NY Mulls Indoor Tanning Rules, Cites Cancer Risk

New York health officials are ramping up their regulation of more than 2,000 tanning salons and gyms offering indoor ultraviolet rays even as health advocates push for a law banning exposure by anyone under 18.

"We're not claiming that people get addicted to tanning the same way you do nicotine, but it clearly is a habit you develop as a teenager," said Peter Slocum, vice president for advocacy at the American Cancer Society in Albany. "That's when most people start frequenting the cancer chambers."

Last year, the World Health Organization's International Agency for Research on Cancer classified tanning as a definite human carcinogen, putting it in the same category as smoking.

New York law currently bans commercial indoor tanning for children under 14 and requires written parental consent for those from 14 up to 18. According to the National Conference of State Legislatures, 32 states regulate tanning by minors. Society spokeswoman Angela Pause-Smith said legislation to outlaw it has been introduced in about 20 states.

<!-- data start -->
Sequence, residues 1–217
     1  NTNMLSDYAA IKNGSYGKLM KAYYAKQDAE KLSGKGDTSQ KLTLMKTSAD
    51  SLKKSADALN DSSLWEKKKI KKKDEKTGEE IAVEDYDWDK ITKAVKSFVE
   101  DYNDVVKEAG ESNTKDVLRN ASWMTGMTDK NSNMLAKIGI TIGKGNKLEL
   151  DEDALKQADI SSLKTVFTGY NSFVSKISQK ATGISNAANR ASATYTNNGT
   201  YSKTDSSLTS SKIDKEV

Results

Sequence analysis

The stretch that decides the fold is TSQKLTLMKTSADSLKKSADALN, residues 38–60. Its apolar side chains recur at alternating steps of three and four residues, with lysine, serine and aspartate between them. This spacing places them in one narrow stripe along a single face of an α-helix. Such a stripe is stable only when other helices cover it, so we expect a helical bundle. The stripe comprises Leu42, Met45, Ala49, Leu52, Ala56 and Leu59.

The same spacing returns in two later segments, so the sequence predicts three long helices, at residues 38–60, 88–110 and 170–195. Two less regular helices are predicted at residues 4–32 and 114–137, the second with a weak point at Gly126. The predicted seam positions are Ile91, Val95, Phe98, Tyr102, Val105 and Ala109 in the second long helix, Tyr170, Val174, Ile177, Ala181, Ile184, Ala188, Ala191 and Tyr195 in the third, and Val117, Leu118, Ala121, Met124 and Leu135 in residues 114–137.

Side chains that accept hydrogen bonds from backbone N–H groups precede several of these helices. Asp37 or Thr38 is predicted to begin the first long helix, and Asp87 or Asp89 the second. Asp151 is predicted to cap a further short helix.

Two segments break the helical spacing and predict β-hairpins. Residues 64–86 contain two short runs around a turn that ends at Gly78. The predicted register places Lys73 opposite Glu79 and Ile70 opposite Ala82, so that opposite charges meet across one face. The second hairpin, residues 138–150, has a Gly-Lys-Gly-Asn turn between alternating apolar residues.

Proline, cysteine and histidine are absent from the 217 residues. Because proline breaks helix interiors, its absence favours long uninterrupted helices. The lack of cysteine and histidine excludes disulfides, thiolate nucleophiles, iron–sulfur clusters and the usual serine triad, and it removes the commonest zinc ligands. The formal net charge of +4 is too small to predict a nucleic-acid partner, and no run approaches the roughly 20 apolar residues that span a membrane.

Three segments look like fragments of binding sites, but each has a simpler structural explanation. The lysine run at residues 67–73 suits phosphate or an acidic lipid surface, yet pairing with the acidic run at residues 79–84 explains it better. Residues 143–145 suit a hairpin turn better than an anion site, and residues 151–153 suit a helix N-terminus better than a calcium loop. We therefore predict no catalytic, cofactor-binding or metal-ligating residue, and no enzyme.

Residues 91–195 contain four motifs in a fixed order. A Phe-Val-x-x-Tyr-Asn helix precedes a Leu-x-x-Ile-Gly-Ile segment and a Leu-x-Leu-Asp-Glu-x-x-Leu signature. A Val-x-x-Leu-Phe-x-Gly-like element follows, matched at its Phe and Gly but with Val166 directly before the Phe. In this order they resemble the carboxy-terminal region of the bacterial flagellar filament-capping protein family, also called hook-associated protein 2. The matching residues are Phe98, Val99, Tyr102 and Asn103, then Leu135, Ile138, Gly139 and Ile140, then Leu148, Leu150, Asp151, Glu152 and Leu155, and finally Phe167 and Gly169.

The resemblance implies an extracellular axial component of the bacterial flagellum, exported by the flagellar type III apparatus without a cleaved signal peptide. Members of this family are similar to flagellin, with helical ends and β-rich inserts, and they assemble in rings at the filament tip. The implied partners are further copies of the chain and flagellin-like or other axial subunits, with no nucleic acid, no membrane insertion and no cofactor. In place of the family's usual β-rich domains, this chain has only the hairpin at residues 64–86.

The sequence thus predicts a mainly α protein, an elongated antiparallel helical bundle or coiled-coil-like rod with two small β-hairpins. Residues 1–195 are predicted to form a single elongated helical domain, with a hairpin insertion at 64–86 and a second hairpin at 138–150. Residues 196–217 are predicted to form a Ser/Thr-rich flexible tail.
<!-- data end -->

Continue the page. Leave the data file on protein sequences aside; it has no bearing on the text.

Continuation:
According to the Cancer Society, the tanning reclassification was based on a 2006 analysis concluding individuals who tanned indoors before age 30 increased their risk for melanoma by 75 percent. Another study showed teen use of tanning beds rose from 1 percent in 1998 to 27 percent a decade later.

The ACS estimates more than one million cases of basal and squamous skin cancers and 68,720 cases of melanoma this year. Its data also project 11,600 deaths from skin cancers, more than two-thirds from melanoma. The incidence of melanoma has been rising for 30 years, faster among young white women and older men, as a result of exposure to sunlight and ultraviolet radiation.

The legislation cleared Senate and Assembly committees but didn't reach the floor in either chamber before lawmakers adjourned two weeks ago.